A local food activist is crying foul after organizers of an agricultural event pulled the plug on an exhibit aimed at teaching kids about urban farming.
The program, billed Starts for Smarts, would offer kids a chance to learn about agriculture by planting their own seed to take home and grow, says Paul Hughes, chair of the Calgary Food Policy Council.
He says organizers of the Calgary Stampede Aggie Days backed out of a verbal agreement to provide a space for the exhibit because he is too political. “Now our children are going to go through there and be exposed to only one side of the agriculture system,” he says.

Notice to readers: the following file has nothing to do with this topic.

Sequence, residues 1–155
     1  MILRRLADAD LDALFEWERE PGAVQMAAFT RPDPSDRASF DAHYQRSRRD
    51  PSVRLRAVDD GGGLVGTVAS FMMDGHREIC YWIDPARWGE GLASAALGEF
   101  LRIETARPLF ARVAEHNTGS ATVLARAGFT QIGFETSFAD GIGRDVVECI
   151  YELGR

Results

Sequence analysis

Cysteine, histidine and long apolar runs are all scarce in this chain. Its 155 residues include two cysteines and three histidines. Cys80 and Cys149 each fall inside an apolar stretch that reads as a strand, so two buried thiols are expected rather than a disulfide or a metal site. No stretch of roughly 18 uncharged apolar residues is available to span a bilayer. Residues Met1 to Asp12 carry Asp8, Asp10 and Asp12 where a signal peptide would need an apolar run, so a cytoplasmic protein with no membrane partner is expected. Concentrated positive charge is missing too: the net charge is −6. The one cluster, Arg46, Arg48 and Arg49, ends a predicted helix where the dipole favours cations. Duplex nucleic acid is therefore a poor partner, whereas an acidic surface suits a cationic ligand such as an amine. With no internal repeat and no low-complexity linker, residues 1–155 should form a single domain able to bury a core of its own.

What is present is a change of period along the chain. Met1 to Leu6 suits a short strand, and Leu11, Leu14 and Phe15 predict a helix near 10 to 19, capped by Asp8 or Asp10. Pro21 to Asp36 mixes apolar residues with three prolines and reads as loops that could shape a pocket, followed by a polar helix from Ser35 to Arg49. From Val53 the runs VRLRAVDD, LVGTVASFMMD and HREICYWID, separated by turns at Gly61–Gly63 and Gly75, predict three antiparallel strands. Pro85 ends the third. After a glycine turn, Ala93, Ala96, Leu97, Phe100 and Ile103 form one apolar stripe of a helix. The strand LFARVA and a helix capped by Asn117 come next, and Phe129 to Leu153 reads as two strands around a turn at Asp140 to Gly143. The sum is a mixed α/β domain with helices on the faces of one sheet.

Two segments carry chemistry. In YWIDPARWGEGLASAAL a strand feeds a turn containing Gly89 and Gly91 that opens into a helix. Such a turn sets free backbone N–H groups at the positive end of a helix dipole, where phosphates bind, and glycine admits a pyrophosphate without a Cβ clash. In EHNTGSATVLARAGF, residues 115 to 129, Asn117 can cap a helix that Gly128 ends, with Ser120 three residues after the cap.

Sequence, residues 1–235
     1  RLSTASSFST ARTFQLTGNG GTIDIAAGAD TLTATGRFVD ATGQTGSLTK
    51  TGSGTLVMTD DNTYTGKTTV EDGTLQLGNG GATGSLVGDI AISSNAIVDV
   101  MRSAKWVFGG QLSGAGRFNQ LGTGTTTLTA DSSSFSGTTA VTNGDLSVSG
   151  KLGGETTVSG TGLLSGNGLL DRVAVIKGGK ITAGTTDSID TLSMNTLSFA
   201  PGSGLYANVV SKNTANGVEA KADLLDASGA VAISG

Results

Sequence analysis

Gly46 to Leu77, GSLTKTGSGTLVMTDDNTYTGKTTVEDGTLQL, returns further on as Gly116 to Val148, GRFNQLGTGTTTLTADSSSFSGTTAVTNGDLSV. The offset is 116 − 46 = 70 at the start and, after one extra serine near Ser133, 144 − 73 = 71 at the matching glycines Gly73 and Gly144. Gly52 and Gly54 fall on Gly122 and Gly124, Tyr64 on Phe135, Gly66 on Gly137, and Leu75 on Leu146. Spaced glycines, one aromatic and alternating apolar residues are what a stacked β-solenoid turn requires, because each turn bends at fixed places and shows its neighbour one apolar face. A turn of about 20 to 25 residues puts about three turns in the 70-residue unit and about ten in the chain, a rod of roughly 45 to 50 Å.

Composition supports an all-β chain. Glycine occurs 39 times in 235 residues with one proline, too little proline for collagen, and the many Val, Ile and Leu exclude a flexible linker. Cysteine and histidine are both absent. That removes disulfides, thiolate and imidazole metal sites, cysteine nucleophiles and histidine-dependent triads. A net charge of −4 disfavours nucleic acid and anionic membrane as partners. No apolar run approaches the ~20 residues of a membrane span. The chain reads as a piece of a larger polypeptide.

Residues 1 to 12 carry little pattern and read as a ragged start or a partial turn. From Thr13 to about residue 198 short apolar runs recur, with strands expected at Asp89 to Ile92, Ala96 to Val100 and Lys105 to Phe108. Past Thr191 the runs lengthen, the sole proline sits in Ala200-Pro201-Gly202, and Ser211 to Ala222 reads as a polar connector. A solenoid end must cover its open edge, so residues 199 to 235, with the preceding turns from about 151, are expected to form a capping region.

A spokesperson for the Calgary Stampede didn’t deny there was an agreement, but says the exhibit was ultimately rejected because it is not officially tied to any school program. “Upon further examination of the situation and discussion, it was decided he did not have a fit this year,” says Doug Fraser.
Fraser says Aggie Days primarily promotes rural agriculture and provides children with “a basic understanding” of where their food comes from. “At this point this gentleman is trying to promote his personal venture so that he gets the attention of city hall,” he says.